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Dries Van Noten, right, speaks to Tim Blanks during Business of Fashion 2017’s Voices event.

Samir Hussein/Getty Images for The Business of Fashion

Considered a quiet maestro who has captivated fashion lovers for decades, Dries Van Noten stepped out from behind the proverbial curtain several times in the past year, with an eponymous documentary recently added to Netflix and a two-volume tome, edited by Tim Blanks, about his women and men's wear brands' 100-collection history. Van Noten, known for his artful garments and accessories that speak to craft traditions and a high attention to detail, spoke with Blanks at the annual Business of Fashion conference, Voices, this past December. It was another opportunity for the audience (both in situ and via livestream) to get a glimpse into the mind behind one of the industry's independently run labels. He also used the occasion to speak to The Globe and Mail about his influences, fast fashion and why beautiful clothing makes for a great escape.

Why did you participate in Voices?

It's something which shows fashion in a bigger way. You have the whole business side of fashion, but fashion is also such a socially important thing. Clothes for me are really a way of communication and that's the way that I design. For me, it's an ideal moment to hear what a lot of people have to say and to not only speak, but to listen.

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Your influences range from folklore to Frank Zappa. Can you tell me about your design process?

I always try to create things where there's a good balance. For me, balance is very important. As you know, I love fashion but I also love gardening. On one side, fashion makes you great but then gardening makes you humble – you're really with your two feet on the ground. Those are things that I need. And the collections that I make, on one side I try to look back to the past, to respect the past and tradition and the savoir-faire and the skills. But it's not that I'm nostalgic; I just take some elements of the past and also look to the future, and look to now. To create clothing that people can wear now. It makes no sense to create wardrobes that would be good maybe to play in a movie from the sixties. People are living now, they need clothes to wear now. That's very important.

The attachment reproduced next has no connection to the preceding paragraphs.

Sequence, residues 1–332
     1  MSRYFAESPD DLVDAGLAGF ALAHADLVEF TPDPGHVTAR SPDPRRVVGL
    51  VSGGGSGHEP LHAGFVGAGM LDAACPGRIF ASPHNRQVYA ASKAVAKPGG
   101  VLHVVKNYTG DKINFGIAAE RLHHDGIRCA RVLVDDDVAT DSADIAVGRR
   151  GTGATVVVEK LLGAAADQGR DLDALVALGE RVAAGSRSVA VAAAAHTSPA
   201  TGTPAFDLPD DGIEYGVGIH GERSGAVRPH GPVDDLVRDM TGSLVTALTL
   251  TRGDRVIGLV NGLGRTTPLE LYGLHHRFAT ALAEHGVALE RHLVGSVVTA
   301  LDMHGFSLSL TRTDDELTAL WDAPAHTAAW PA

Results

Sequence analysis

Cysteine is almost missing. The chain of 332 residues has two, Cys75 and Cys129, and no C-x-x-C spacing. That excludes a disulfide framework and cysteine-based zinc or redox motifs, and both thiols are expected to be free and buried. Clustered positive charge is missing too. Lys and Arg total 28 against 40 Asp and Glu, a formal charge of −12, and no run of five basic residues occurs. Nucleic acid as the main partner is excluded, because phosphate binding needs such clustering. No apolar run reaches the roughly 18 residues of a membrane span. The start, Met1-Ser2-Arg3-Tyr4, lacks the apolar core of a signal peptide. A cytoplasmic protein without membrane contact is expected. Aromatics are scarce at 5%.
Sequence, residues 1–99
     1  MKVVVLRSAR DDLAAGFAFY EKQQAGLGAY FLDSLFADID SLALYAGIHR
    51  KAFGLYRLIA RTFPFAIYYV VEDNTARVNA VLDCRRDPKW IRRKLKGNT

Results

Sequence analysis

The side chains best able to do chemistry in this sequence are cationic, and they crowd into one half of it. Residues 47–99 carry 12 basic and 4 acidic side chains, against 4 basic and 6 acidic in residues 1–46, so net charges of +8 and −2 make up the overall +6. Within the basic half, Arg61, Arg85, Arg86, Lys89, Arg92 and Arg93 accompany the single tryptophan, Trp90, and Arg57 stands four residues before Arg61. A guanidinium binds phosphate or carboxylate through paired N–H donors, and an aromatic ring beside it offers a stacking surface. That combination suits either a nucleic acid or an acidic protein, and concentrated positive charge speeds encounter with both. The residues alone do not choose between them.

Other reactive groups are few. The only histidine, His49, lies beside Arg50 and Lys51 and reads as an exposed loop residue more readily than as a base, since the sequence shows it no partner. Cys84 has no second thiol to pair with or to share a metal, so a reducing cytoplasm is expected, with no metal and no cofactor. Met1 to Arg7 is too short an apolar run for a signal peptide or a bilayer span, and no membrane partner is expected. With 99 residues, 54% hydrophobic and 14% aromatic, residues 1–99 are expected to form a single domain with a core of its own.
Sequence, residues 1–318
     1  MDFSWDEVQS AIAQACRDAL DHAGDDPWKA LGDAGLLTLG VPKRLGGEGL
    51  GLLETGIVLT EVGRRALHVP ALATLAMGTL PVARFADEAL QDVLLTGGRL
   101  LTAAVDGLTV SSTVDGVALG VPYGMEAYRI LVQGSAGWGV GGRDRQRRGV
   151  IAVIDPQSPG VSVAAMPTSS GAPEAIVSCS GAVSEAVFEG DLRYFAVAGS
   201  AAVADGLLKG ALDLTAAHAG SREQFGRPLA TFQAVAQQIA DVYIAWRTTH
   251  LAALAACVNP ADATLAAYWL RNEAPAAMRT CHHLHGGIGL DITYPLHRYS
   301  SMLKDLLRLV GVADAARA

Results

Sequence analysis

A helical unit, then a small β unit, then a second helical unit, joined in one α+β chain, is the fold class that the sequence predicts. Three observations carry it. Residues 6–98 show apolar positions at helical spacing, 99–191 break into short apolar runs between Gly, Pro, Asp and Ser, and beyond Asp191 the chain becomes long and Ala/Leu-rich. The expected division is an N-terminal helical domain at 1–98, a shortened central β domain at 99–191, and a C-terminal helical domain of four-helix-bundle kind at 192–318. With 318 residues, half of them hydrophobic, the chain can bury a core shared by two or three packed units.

What's been the biggest change or most surprising thing that you've noticed since the beginning of your career until now?

Every year there's a change. The arrival of the internet of course makes a huge difference, but that's the nice thing about being in fashion. You have to watch very carefully what's happening in the world. What you do has to reflect the way people feel – what people need as kind of a feeling via the clothes. If they put on a black coat, it's one feeling, and if they put on an embroidered top, [they] want to tell something else. You always have to have a connection with what's happening in the world. Also, I said with the last collection, there are such strange things happening in the world at the moment, that for me, this collection was more about escapism.

You don't seem interested in saying, "This celebrity wore our clothes." Your social-media platforms are more about the details and the process. Why do you manage your brand that way?

That's what interests me. It's about the skills, the weavers – the making of certain things is more important to me than a certain celebrity, who often has been paid to wear a certain outfit. We have a lot of celebrities who wear our clothes but the nice thing is they buy them and they're in our stores.

There are many designers who've done collaborations with mass brands – is that something you would ever see yourself doing?

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No. I want there to be a clear difference between what my fashion is and high street fashion. I think to blur that line is only in the interest of fast fashion, which is not really my enemy, but I want people to understand that when we ask for a certain price for a certain garment, there's a reason for that. And I want to be honest about the prices, what we do. In our collection, we have T-shirts at a low price, and we have embroidered coats, which take hours and hours of embroidery, which cost a fortune.

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